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Hard Questions, Tough Answers with Yossi Alpher -December 27, 2011

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Alpher discusses whether there is a connection between the the hill youth/price-tag attacks and those of the ultra-orthodox against women, the strategic ramifications for Israel of the US military withdrawal from Iraq, and the strategic consequences for Israel of the leadership transition in North Korea.

Q. Is there a common denominator between the orthodox "price tag"/"hill youth" attacks in the West Bank and the recent ultra-orthodox efforts in Jerusalem and Bet Shemesh to segregate women in the public sphere?

A. The most obvious common denominator is that both groups are Jewish religious extremists, are relatively small in number, and are daring to engage in increasingly provocative acts because the Netanyahu government and its reactionary Knesset majority provide a congenial environment--one in which more moderate religious leaders prefer silence to intervention.

The two groups are actually very different from a religious standpoint. The hill youth are politically messianic. They do not discriminate against women (any more than routine orthodoxy prescribes, for example in separate seating in synagogues) and even include women in their violent protests. They consecrate the land of the West Bank and use violence to defend their grip on it. In contrast, the extreme ultra-orthodox who demand that women sit at the back of the bus and not walk on a sidewalk in front of a synagogue and who spit at young girls not dressed in something approaching Taliban garb, are not Zionist and their messianism is purely religious, not political.

There are also diverse demographic factors at work. Nurtured by government subsidies and cheap housing, Israel's ultra-orthodox community is growing. As it expands, it moves into towns and cities that previously held little or no ultra-orthodox population. Bet Shemesh, where the current controversy over spitting at women is taking place, is an example. Some of the discriminatory ultra-orthodox practices, it emerges, have been going on for years in secluded neighborhoods without arousing the ire of Israeli secular, traditional and orthodox Jews. Now, population crowding is changing that.

Israel's orthodox Jewish population, incidentally, is not growing. Even as it has projected its influence from its settlement base into the IDF, its political base has shrunk as it regularly loses young adherents to ultra-orthodoxy and even to secularism. In this sense, the hill youth do not represent a looming demographic threat the way the ultra-orthodox do.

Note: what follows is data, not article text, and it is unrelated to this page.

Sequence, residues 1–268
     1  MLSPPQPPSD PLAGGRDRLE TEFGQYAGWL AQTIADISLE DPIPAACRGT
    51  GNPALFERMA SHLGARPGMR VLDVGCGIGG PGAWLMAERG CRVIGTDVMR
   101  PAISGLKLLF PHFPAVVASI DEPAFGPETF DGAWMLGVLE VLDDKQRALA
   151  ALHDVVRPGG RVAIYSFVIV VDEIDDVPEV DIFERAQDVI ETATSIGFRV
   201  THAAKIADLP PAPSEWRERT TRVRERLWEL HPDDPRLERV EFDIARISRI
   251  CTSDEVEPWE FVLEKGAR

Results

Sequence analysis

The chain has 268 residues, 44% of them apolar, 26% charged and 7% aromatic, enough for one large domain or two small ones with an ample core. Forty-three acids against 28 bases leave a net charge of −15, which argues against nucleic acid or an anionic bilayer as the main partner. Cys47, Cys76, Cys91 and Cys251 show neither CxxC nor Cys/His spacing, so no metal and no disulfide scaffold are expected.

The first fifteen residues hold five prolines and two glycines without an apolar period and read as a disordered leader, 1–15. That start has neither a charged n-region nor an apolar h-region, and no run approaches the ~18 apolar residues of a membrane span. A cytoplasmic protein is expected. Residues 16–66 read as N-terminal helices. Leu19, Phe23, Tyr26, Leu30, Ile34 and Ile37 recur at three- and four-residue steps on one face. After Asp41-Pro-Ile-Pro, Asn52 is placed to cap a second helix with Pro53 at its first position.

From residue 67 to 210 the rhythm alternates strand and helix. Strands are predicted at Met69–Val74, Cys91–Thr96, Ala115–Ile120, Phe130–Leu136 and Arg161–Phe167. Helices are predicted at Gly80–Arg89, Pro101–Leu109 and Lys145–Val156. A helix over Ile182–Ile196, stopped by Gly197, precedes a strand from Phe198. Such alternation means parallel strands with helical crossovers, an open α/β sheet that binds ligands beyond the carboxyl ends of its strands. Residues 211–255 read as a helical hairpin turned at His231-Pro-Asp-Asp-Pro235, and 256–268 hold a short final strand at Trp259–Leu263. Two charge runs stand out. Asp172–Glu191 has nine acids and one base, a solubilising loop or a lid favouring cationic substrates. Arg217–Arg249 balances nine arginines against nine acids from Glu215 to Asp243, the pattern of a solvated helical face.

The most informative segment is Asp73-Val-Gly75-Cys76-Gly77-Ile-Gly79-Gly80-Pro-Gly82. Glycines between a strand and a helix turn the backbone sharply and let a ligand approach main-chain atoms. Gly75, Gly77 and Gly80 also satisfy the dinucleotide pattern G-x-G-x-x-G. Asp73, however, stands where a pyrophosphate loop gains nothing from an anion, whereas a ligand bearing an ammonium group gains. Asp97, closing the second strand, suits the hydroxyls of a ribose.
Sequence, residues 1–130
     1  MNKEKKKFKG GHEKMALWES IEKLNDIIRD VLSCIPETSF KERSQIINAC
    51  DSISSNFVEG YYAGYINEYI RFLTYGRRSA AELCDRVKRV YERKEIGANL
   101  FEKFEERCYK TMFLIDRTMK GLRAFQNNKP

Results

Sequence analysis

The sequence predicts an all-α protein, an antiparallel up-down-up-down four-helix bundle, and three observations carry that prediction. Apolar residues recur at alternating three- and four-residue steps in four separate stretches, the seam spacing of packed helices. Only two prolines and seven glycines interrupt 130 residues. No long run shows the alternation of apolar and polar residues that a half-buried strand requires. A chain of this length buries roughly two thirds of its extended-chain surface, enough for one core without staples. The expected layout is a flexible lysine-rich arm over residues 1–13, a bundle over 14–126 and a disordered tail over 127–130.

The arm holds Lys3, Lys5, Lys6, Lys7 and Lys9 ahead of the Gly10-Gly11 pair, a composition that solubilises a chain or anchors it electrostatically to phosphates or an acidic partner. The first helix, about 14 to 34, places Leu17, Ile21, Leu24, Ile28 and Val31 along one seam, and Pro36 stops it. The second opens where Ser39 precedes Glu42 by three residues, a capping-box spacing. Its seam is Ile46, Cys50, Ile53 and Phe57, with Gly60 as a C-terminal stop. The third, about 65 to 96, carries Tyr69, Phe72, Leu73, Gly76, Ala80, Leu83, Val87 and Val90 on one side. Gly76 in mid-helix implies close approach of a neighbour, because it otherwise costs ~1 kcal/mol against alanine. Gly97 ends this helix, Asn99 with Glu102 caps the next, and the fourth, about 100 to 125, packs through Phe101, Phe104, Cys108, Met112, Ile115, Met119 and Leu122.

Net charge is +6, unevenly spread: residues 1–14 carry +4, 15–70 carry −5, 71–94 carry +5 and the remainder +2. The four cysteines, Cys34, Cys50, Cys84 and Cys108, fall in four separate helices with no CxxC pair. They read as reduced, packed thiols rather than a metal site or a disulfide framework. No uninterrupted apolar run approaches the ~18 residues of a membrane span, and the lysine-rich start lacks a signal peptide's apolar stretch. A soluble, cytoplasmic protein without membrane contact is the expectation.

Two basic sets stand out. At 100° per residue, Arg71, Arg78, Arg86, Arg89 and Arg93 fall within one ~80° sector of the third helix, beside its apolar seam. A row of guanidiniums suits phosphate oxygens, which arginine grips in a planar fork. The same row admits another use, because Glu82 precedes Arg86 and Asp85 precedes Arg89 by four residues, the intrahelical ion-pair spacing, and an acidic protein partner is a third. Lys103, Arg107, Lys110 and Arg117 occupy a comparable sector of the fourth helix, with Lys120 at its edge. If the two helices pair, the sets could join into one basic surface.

Regarding both groups, it's hard to take seriously the declared determination of Prime Minister Netanyahu to enforce anti-discrimination and anti-violence laws. His coalition is too dependent on the extremists' supporters. Less than ten years ago, in far more moderate circumstances in terms of religious extremism, the Shinui party garnered 15 members of Knesset and demonstrated that many Israelis are prepared to commit politically to restraining religious extremism. The best thing that could emerge from the current anger of Israel's large moderate majority would be a similar phenomenon. If that doesn't happen and the government doesn't act much more forcefully, we could soon conceivably see secular Israelis who feel increasingly threatened taking matters into their own hands, vigilante-style.

Q. Moving to the region: What are the strategic ramifications for Israel of the US military withdrawal from Iraq that was completed last week?

A. There is no longer a large US combat troop presence in the region. True, between 2003 and 2011 that presence did not affect the balance of power between Israel and Iran and its allies in any obvious way. But it could have, had there been a serious conflict, for example between Israel and Syria, which borders on Iraq, or between Israel and Iran. Now the US military is no longer in the regional equation, even theoretically. Nor is it likely to return soon to the region.

Secondly, the Kurds of northern Iraq are now on their own, no longer protected by American troops. Israel has an interest in the independence or at least autonomy of the Iraqi Kurds, who like the Jews are an indigenous non-Arab people with a history of conflict with neighboring Arabs. At this point, the Kurds rely on Turkish friendship, along with the overall instability and weakness of the Iraqi state.